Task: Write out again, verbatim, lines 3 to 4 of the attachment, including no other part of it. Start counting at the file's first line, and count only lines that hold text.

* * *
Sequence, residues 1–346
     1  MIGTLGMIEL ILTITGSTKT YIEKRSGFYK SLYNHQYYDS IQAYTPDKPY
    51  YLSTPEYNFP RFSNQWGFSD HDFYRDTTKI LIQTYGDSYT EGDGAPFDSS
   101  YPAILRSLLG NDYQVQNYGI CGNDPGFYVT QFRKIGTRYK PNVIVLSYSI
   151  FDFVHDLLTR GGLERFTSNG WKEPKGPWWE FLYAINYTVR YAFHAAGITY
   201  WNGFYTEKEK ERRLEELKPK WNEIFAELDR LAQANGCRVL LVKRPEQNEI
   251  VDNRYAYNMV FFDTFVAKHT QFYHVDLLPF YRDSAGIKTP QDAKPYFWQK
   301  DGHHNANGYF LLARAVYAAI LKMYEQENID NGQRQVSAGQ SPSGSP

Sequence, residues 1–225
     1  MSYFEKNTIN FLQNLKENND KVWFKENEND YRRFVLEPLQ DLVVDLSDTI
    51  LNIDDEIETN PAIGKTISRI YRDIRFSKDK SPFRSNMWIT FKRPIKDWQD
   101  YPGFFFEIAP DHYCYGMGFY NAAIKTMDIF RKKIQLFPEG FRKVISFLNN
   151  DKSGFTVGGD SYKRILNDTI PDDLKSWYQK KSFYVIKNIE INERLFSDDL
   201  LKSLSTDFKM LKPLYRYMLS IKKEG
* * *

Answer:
    51  YLSTPEYNFP RFSNQWGFSD HDFYRDTTKI LIQTYGDSYT EGDGAPFDSS
   101  YPAILRSLLG NDYQVQNYGI CGNDPGFYVT QFRKIGTRYK PNVIVLSYSI